runic


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runic

(jargon)
Obscure, consisting of runes.

VMS fans sometimes refer to Unix as "RUnix". Unix fans return the compliment by expanding VMS to "Very Messy Syntax" or "Vachement Mauvais Systeme" (French; literally "Cowlike Bad System", idiomatically "Bitchy Bad System").
References in periodicals archive ?
Elliott in his reconsideration of Cynewulf's runic signatures, and by Christopher Ball, who concludes from his analysis of the Ruthwell Cross crucifixion poem that the runes may preserve 'a unique relic of an alternative poetic tradition'.
These examples aside, swords with runic inscriptions are actually relatively rare in medieval literature.
Losqui[+ or -]o provides evidence of West Germanic features in a set of runic inscriptions that are several centuries earlier than other scholars have found such features.
All of Germany was a stage for Adolf Hitler, a master manipulator who made use of many ancient and sacred symbols, from the swastika to the runic flash of lightning that was the Hitler Youth emblem.
Somehow her jewels appeal across the board as although obviously Jewish, they are seldom ostentatious or appear out of place but instead bring 'a special runic magic, indeed the stuff folk tales are made of...
These include the Five Pieces of Runic Poetry published in 1763 and Percy's previously unpublished draft translations of certain fragments of skaldic verse, including verses from Vellekla, one of the most difficult of all skaldic poems, and his version of parts of the Battle of Brunanburh.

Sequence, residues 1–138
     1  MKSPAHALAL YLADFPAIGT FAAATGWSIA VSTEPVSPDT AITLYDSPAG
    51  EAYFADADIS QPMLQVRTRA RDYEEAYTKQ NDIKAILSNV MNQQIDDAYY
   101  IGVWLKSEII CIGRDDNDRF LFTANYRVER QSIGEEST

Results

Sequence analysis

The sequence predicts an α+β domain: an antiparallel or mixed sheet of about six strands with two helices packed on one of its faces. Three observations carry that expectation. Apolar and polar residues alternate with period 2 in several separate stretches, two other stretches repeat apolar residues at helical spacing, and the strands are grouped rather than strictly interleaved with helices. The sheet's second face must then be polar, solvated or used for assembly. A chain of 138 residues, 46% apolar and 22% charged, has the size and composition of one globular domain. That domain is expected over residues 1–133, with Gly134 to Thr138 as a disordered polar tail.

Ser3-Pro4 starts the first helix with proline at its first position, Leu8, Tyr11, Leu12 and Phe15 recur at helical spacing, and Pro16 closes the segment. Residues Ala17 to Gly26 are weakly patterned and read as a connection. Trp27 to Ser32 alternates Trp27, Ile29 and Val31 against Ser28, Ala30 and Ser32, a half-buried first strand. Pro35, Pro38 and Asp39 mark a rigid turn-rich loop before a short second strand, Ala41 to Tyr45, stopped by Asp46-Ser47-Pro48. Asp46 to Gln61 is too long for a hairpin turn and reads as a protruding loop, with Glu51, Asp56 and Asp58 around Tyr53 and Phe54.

Until Friday, between 11am and 4pm, you can take part in the runic activities at Bede's World.
Her runic silver and sky blue enamel collection features the inscription "past and present" and includes a ring (pounds 61), earrings (pounds 58), bracelet (pounds 137) and round brooch (pounds 105).
Wright, from Bodelwyddan, writes to say that her father, John Morris Williams, served on Laurentic before and during WWI and afterwards on Celtic, Cedric and Runic.
Traditionally the butt of many jokes, this year's line-up of extraordinary Eurovision acts includes a Finnish contribution which apparently draws inspiration from "mysterious runic symbols inscribed on the bows of Viking boats, door posts and drinking ve ssels".
The question of possible parallels and sources in western Britain is raised, an area which I personally believe could bear yet further investigation, especially in respect of inscribed stones such as the puzzling runic specimen from Sandwich.